O ye beloved of God! Know ye, verily, that the happiness of mankind lieth in the unity and the harmony of the human race, and that spiritual and material developments are conditioned upon love and amity among all men. Consider ye the living creatures, namely those which move upon the earth and those which fly, those which graze and those which devour. Among the beasts of prey each kind liveth apart from other species of its genus, observing complete antagonism and hostility; and whenever they meet they immediately fight and draw blood, gnashing their teeth and baring their claws. This is the way in which ferocious beasts and bloodthirsty wolves behave, carnivorous animals that live by themselves and fight for their lives. But the docile, good-natured and gentle animals, whether they belong to the flying or grazing species, associate with one another in complete affinity, united in their flocks, and living their lives with enjoyment, happiness and contentment. Such are the birds that are satisfied with and grateful for a few grains; they live in complete gladness, and break into rich and melodious song while soaring over meadows, plains, hills and mountains. Similarly those animals which graze, like the sheep, the antelope and the gazelle, consort in the greatest amity, intimacy and unity while living in their plains and prairies in a condition of complete contentment. But dogs, wolves, tigers, hyenas and those other beasts of prey, are alienated from each other as they hunt and roam about alone. The creatures of the fields and birds of the air do not even shun or molest one another when they come upon their mutual grazing and resting grounds but accept each other with friendliness, unlike the devouring beasts who immediately tear each other apart when one intrudes upon the other's cave or lair; yea, even if one merely passeth by the abode of another the latter at once rusheth out to attack and if possible kill the former.

Therefore, it hath been made clear and manifest that in the animal kingdom also love and affinity are the fruits of a gentle disposition, a pure nature and praiseworthy character, while discord and isolation are characteristic of the fierce beasts of the wild.

The Almighty hath not created in man the claws and teeth of ferocious animals, nay rather hath the human form been fashioned and set with the most comely attributes and adorned with the most perfect virtues. The honour of this creation and the worthiness of this garment therefore require man to have love and affinity for his own kind, nay rather, to act towards all living creatures with justice and equity.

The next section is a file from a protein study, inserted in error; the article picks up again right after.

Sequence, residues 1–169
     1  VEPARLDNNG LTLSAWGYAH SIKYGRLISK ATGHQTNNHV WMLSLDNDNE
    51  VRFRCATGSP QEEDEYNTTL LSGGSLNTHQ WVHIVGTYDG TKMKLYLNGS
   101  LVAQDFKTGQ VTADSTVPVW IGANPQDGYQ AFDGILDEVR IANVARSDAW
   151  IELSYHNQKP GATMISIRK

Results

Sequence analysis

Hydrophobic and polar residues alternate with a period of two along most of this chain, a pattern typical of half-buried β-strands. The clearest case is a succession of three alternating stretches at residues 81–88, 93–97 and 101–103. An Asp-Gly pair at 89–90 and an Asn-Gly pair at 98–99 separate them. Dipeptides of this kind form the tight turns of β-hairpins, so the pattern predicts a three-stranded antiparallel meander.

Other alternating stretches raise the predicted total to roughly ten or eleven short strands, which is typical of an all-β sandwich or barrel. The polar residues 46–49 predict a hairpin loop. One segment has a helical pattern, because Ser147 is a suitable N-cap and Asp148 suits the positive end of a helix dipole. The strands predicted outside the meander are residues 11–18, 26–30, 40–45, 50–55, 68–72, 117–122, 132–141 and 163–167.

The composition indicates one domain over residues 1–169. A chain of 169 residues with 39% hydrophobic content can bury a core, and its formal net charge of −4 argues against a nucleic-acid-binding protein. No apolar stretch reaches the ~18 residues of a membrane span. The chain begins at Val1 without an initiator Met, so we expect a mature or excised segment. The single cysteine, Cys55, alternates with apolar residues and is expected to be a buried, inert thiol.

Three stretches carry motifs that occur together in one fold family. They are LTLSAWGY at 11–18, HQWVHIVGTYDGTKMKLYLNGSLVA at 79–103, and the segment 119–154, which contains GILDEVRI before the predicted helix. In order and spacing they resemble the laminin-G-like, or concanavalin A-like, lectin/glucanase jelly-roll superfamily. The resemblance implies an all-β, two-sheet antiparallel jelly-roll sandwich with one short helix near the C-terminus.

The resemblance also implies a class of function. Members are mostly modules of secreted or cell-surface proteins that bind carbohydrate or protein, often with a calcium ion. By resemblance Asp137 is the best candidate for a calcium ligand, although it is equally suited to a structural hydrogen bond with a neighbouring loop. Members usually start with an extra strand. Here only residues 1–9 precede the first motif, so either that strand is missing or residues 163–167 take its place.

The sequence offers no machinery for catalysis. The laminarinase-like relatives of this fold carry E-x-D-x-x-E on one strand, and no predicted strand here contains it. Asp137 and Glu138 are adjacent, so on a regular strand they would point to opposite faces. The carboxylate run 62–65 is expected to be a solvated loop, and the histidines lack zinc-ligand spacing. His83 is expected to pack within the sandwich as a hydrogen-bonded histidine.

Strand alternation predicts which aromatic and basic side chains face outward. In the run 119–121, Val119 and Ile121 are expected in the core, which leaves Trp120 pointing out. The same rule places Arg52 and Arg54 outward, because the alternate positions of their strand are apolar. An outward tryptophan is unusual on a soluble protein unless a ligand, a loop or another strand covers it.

(`Abdu'l-Baha, Selections from the Writings of `Abdu'l-Baha, pages 286-287)


ANIMALS AS SYMBOLS OR METAPHORS

In the realm of genesis and creation the question of color is of least importance." "Throughout the animal kingdom," He explains, "we do not find the creatures separated because of color. They recognize unity of species and oneness of kind. If we do not find color distinction drawn in a kingdom of lower intelligence and reason, how can it be justified among human beings, especially when we know that all have come from the same source and belong to the same household? In origin and intention of creation mankind is one. Distinctions of race and color have arisen afterward."
(Shoghi Effendi, The Advent of Divine Justice, page 38)


The world of humanity, too, is like a garden, and humankind are like the many-colored flowers. Therefore, different colors constitute an adornment. In the same way, there are many colors in the realm of animals. Doves are of many colors; nevertheless, they live in utmost harmony. They never look at color; instead, they look at the species. How often white doves fly with black ones. In the same way, other birds and varicolored animals never look at color; they look at the species.

Now ponder this: Animals, despite the fact that they lack reason and understanding, do not make colors the cause of conflict. Why should man, who has reason, create conflict? This is wholly unworthy of him.
(`Abdu'l-Baha, Promulgation of Universal Peace, page 45)


Among the animals racial prejudice does not exist. Consider the doves; there is no distinction as to whether it is an oriental or an occidental dove. The sheep are all of one race; there is no assumption of distinction between an eastern and a western sheep. When they meet, they associate with perfect fellowship. If a dove from the West should go to the Orient, it will associate with the eastern doves unhesitatingly. There will be no attitude of unwillingness as if saying, "You belong to the East; I am from the West." Is it reasonable or allowable that a racial prejudice which is not observed by the animal kingdom should be entertained by man?
(`Abdu'l-Baha, Promulgation of Universal Peace, page 299)


Likewise, we observe that animals which have undergone training in their sphere of limitation will progress and advance unmistakably, become more beautiful in appearance and increase in intelligence. For instance, how intelligent and knowing the Arabian horse has become through training, even how polite this horse has become through education. As to the human world: It is more in need of guidance and education than the lower creatures.